Evergreen shrub or, in tropical regions, a tree with rounded crown of spreading branches. This tropical shrub bears thick, elliptic, evergreen leaves and small, white flowers with dark-spotted corollas. The 1 1/2-2 1/2 in. long leaves are dark-green above, pale-gray hairy beneath. Black mangrove can become tree-like and reach a height of 50 ft., but it is usually much shorter. The bark is dark gray and smooth at first, becoming scaly on larger trunks. Many upright, unbranched roots are exposed. Black Mangrove is the hardiest of the four species forming the mangrove swamp forests of southern Florida. It penetrates farthest inland into brackish water of rivers and farthest north along the Gulf Coast, where it becomes smaller and shrubby and is killed in cold winters. New seedlings, however, invade from seeds transported by currents and persist a few years. An important honey plant, it yields clear whitish honey of high quality. The other three native mangroves are tropical trees confined mostly to southern Florida but do extend northward along the coast to the central part of that state.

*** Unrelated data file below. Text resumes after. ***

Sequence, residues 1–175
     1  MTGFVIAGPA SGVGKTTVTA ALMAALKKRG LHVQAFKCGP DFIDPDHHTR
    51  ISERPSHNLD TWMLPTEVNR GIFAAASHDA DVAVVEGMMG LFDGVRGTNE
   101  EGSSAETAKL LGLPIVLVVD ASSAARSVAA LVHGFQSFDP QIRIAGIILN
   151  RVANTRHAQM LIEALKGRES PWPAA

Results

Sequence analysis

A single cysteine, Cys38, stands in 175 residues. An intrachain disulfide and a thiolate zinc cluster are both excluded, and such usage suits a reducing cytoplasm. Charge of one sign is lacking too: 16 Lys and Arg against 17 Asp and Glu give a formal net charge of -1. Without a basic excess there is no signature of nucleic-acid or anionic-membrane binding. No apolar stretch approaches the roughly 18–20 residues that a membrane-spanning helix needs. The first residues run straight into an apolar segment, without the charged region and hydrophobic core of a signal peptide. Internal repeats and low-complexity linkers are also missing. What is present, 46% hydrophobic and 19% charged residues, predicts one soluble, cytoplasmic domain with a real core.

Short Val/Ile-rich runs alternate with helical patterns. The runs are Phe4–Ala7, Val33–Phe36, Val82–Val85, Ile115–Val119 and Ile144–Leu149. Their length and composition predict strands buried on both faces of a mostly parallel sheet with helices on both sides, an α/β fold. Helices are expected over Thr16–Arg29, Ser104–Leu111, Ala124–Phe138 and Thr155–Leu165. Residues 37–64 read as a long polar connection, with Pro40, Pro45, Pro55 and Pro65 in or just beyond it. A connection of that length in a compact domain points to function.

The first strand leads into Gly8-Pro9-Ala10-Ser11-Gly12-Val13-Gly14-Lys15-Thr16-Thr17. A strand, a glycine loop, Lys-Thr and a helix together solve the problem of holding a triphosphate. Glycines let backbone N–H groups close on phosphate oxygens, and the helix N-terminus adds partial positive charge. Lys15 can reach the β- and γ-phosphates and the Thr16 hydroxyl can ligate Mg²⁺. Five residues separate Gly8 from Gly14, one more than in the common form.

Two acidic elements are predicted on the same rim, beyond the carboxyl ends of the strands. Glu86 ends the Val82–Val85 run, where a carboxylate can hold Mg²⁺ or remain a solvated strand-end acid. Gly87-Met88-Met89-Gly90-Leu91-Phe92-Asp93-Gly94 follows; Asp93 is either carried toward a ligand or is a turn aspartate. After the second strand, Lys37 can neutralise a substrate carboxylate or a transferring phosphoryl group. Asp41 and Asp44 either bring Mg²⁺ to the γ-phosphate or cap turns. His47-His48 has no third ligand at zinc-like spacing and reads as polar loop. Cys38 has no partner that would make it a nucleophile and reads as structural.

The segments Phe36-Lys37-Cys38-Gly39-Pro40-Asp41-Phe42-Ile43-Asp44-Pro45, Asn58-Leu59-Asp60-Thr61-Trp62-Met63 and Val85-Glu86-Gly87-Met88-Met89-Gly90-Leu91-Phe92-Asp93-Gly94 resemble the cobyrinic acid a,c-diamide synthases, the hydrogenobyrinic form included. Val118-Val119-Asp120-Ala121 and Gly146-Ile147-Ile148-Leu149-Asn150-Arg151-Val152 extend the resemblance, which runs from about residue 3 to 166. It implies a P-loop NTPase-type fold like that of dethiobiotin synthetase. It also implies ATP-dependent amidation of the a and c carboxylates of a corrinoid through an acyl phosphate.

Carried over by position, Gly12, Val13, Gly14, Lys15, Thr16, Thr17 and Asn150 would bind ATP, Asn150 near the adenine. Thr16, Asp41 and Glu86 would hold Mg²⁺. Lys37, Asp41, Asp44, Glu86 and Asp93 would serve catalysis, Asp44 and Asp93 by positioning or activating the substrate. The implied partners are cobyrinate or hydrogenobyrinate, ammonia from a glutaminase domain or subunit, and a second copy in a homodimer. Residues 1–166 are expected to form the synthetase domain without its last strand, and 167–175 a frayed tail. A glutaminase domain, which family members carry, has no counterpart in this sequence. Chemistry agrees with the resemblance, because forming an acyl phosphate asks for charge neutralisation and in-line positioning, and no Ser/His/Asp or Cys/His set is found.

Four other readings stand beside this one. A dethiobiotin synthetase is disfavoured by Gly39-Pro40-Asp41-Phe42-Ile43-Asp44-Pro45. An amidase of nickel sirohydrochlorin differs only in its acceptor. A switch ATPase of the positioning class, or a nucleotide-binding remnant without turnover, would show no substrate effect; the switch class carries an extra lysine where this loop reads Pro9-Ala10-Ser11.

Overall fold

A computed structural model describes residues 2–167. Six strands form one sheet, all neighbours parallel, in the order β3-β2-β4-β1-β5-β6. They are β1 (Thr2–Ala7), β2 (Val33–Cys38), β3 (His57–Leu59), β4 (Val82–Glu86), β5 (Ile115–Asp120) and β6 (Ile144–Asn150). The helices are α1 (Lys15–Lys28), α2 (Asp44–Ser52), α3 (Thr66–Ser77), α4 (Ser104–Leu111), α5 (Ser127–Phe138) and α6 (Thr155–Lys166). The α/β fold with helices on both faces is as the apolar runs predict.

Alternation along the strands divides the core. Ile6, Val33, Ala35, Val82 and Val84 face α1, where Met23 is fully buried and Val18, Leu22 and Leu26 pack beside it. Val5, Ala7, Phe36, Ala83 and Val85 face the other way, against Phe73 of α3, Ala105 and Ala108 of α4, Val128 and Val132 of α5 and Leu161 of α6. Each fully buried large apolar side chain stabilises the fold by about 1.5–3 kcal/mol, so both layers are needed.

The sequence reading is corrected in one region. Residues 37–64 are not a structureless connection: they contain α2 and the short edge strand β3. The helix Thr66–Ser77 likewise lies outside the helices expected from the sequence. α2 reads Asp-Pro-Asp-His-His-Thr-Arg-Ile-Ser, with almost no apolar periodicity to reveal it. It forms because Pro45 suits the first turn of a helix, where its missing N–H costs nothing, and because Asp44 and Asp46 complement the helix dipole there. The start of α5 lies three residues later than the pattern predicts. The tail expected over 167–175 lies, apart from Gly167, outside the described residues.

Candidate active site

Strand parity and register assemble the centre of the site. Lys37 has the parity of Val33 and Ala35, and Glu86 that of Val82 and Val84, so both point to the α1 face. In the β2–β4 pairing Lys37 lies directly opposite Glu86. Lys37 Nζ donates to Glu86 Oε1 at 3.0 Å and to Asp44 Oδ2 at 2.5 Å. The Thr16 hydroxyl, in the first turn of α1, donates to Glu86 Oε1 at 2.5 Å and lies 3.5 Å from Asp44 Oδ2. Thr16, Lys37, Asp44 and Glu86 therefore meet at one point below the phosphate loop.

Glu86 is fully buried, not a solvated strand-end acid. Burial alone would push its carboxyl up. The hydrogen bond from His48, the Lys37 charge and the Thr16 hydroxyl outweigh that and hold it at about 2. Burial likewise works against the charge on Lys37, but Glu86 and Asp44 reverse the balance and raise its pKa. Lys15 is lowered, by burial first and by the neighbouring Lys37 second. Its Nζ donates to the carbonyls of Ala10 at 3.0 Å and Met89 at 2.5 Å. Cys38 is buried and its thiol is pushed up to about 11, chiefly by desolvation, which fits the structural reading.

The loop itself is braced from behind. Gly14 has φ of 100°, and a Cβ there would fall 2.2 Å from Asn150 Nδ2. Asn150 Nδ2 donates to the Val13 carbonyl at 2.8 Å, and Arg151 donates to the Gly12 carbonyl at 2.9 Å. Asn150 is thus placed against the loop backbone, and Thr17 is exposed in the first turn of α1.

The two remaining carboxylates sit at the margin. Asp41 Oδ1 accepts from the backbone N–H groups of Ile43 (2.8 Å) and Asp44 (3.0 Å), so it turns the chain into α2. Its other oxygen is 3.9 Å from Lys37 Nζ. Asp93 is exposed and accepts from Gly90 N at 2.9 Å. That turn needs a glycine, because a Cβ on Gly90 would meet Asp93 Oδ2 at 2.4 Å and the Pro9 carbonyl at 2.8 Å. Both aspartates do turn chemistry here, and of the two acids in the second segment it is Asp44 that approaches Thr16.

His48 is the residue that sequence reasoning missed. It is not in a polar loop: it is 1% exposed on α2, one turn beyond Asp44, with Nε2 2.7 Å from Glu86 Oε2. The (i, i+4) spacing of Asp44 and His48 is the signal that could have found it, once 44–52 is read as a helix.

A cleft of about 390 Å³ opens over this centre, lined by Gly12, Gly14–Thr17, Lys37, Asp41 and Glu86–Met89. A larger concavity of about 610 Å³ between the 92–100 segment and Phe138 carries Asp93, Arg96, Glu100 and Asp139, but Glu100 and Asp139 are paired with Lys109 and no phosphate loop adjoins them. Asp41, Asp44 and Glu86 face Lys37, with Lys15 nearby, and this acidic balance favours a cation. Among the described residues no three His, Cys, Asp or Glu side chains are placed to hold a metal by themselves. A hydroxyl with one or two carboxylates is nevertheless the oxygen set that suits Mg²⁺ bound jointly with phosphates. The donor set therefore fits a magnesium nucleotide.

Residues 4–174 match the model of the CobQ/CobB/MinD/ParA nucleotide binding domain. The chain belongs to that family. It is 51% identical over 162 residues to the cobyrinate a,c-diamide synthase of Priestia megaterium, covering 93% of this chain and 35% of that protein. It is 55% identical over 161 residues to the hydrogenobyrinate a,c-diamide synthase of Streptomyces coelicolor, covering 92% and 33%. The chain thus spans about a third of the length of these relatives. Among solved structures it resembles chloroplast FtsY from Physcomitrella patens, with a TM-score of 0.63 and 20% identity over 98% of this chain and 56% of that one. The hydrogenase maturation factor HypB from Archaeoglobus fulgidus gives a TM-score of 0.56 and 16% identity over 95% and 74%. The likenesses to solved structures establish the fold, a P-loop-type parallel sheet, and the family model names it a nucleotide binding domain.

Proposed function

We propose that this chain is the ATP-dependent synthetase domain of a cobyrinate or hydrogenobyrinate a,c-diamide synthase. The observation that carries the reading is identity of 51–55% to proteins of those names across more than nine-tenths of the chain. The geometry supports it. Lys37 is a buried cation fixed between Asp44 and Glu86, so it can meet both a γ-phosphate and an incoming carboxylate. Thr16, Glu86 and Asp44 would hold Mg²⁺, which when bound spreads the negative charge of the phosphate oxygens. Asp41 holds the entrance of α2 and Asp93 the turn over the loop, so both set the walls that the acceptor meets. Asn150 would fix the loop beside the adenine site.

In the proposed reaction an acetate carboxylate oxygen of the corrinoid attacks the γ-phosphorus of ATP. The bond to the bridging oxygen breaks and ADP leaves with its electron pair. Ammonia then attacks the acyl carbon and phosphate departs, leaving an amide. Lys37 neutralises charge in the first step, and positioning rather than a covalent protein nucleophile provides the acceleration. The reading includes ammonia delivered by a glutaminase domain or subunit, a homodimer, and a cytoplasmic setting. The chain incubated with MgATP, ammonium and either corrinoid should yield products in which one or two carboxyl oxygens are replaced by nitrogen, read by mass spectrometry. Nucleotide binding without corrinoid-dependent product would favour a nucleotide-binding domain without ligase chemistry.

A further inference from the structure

This species is a member of the verbena family (family Verbenaceae), which includes about 75 genera and 3,000 species of herbs, shrubs, and trees, mostly of tropical and warm temperate regions. Among them, teak is a highly prized furniture wood, and Vervain, Lantana, Lippia or Frog Fruit, and Chase Tree or Vitex are grown as ornamentals.
No images of this plant
Find native plant species by state. Each list contains commercially available species suitable for gardens and planned landscapes. Once you have selected a collection, you can browse the collection or search within it using the combination search.View Recommended Species page